Because of the relative rareness of dwarven women, weddings are a rare and much celebrated event. Prior to a wedding the community will get together to build a large house for the new couple. A ceremonial Axe is often made to “protect” the new house and may be decorated with symbols of the bride and grooms families. Fertility symbols of all sorts abound at dwarven weddings. Male friends of the grooms often stand and testify as to his suitability to be a husband. Following the ceremony, there is a large party, often attended by the entire community.
Death and Burial of a Dwarf
How Dwarves Age
Dwarves, like elves, have a longer live span then humans. A dwarf would consider their life well lived at a ripe age of 200, but some have been known to live to 250 or even 300. Unlike the elves however, possibly due in part to their beards, dwarves always appear to be older than they actually are.
Dwarves tend to bury their dead in catacombs formed by minded out tunnels. Not only does this create a use for these already created tunnels but also it creates the least fuss if the soul returns to the body from the land of the dead. In areas where catacombs are not available family crypts are commonly used. A dwarven funeral is a simple ceremony. They body is cleanned up and dressed in clean cloths and then taken to the catacombs or crypt.
Dwarves consider it impolite to pester the dead. Families will take whatever means are available to them to ensure that the sole of the dead dwarf can return to it’s body. But they will not send a seer to the land of the dead to ask if the family member plans to return.
Ceremony of Remembrance
When a dwarf dies their possessions are kept in trust for one year. A trusty will ensure that their possessions are safeguarded and if necessary will arrange for someone to take care of land, livestock or other perishables. If the sole of the dwarf has not yet returned to his body after a year, then a Ceremony of Remembrance is held. The dwarfs family and friends gather and tell stories and tales of the dead dwarf. They will frequently hounour his memory by participating in his favorite activity or capturing his memory in poem or song. Memorials may be raised. After this ceremony his belongings are then distributed among his next of kin.
If a female dwarf is widowed young, she is encouraged to marry again. However, it is considered extremely rude for anyone to court her before the Ceremony of Remembrance is held for her husband.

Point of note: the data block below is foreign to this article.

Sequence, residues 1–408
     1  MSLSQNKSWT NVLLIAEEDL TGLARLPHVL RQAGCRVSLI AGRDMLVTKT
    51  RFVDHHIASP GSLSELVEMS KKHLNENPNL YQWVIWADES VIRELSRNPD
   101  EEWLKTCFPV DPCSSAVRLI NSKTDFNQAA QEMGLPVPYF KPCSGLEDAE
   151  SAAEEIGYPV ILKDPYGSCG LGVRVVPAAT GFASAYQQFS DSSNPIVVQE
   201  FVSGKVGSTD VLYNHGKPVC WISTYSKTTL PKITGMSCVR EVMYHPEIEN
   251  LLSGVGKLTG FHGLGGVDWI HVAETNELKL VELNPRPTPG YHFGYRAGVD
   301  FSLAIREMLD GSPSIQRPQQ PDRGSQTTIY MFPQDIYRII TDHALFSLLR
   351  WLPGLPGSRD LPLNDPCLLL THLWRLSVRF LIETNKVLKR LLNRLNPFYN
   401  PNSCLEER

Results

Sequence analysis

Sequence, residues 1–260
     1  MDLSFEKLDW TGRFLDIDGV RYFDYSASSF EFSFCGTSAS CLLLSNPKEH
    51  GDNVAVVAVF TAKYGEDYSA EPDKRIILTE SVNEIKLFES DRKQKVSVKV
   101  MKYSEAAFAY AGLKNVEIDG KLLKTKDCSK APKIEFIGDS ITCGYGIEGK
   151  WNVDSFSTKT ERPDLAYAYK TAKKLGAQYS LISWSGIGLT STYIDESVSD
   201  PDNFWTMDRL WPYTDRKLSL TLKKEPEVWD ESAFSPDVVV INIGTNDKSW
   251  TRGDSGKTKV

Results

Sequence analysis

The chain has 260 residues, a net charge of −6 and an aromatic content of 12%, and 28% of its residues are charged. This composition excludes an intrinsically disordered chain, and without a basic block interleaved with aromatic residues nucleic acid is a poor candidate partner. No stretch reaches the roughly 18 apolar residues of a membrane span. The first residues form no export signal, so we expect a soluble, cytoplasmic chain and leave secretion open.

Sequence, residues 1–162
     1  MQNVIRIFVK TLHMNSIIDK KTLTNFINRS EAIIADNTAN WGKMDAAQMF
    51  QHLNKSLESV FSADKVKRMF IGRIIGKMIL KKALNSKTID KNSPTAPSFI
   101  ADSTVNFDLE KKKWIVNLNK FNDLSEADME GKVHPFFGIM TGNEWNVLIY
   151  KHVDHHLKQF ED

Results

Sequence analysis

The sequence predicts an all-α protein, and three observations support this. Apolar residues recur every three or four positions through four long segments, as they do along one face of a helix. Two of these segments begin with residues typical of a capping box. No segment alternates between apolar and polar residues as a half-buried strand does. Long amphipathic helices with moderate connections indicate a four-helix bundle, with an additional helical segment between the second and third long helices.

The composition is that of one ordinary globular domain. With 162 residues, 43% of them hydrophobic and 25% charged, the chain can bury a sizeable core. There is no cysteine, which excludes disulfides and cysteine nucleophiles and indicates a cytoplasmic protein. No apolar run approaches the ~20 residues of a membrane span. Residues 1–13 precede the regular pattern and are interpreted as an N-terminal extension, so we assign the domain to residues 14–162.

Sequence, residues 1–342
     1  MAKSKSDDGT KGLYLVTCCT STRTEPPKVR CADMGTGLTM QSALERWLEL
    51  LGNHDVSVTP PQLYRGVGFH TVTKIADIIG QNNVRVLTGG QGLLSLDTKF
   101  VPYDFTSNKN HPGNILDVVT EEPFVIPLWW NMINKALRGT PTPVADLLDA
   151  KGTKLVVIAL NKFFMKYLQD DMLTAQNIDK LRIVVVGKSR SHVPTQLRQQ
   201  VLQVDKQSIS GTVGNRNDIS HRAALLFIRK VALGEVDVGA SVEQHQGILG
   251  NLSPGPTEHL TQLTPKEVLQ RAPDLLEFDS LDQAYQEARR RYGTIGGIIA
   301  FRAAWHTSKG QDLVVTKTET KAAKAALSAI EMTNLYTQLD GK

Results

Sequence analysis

In The Mists, Dwarves have a well-structured monarchial government. The King of Dwarves sits at the top with a number of vassal Dukes beneath him. Below the Dukes are a group of Lords each with their lands. All of the royal families are tightly related.
The process of moving from The Mists to the human plane has disrupted this hierarchy. The King of Dwarves appears to have stayed in the Mists (at least for now), as have many of the Dukes and Lords. Many dwarves entered the human plain separated from others in their original communities. As they have settled on this plane, prominent families have taken on the roles and responsibilities of Lords although, only rarely have they taken the title and are more likely to refer to themselves as Governor
In The Mists, it is common for Lords to appoint Mayors and Magistrates to run each community. On this plane in smaller communities the governors are more likely to take on the role of mayor themselves. The mayor is responsible for the day to day running of the town. He has the ultimate decisions making power but is expected to consult with the townsfolk before making major decisions.
The most common form of the consultation is through a town meeting. At these meeting all members of the town have the opportunity to express their option on the decision required once. The opinions are given from the youngest member of the town through to the oldest member of the town by order of age. This is so the oldest townsfolk are heard from last and will carry the most weight. This can be a long process and in large dwarven centers, when controversial decisions have been required these meetings have been known to last for days.
During times of crisis when decisions must be made quickly the mayor will appoint a small group of advisors. However, the oldest advisor is still given the right to speak last.
Crime and Punishment
Most dwarven communities have a group of magistrates. These are usually older, well respected dwarves who sit in judgement over wrong doers. The magistrates are appointed by the Lord (or his equivalent) usually on the recommendation of the Mayor. The number of magistrates in a given community varies based on the size but they usually work in teams of three.